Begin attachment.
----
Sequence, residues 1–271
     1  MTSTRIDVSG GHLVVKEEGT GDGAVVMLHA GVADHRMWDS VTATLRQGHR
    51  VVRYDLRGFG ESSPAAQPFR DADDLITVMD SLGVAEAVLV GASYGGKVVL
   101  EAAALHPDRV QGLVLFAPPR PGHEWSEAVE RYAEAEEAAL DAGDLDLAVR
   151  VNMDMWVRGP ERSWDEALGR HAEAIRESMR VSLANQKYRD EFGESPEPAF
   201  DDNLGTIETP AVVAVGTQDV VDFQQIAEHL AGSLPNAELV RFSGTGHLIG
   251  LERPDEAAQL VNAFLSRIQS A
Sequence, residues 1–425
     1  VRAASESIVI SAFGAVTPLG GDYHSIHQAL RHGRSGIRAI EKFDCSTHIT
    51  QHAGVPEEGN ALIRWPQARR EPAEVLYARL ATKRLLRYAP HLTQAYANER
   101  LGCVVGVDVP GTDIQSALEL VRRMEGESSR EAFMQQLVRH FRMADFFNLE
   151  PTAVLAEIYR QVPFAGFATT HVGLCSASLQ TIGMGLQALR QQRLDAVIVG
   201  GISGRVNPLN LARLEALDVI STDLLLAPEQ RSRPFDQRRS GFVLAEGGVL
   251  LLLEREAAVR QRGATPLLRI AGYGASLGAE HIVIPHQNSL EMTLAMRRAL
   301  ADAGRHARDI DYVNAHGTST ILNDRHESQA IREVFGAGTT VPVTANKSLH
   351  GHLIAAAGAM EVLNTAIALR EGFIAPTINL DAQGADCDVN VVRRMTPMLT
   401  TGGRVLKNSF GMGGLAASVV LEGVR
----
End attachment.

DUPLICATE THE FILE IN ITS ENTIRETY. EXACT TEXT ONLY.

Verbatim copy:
Sequence, residues 1–271
     1  MTSTRIDVSG GHLVVKEEGT GDGAVVMLHA GVADHRMWDS VTATLRQGHR
    51  VVRYDLRGFG ESSPAAQPFR DADDLITVMD SLGVAEAVLV GASYGGKVVL
   101  EAAALHPDRV QGLVLFAPPR PGHEWSEAVE RYAEAEEAAL DAGDLDLAVR
   151  VNMDMWVRGP ERSWDEALGR HAEAIRESMR VSLANQKYRD EFGESPEPAF
   201  DDNLGTIETP AVVAVGTQDV VDFQQIAEHL AGSLPNAELV RFSGTGHLIG
   251  LERPDEAAQL VNAFLSRIQS A
Sequence, residues 1–425
     1  VRAASESIVI SAFGAVTPLG GDYHSIHQAL RHGRSGIRAI EKFDCSTHIT
    51  QHAGVPEEGN ALIRWPQARR EPAEVLYARL ATKRLLRYAP HLTQAYANER
   101  LGCVVGVDVP GTDIQSALEL VRRMEGESSR EAFMQQLVRH FRMADFFNLE
   151  PTAVLAEIYR QVPFAGFATT HVGLCSASLQ TIGMGLQALR QQRLDAVIVG
   201  GISGRVNPLN LARLEALDVI STDLLLAPEQ RSRPFDQRRS GFVLAEGGVL
   251  LLLEREAAVR QRGATPLLRI AGYGASLGAE HIVIPHQNSL EMTLAMRRAL
   301  ADAGRHARDI DYVNAHGTST ILNDRHESQA IREVFGAGTT VPVTANKSLH
   351  GHLIAAAGAM EVLNTAIALR EGFIAPTINL DAQGADCDVN VVRRMTPMLT
   401  TGGRVLKNSF GMGGLAASVV LEGVR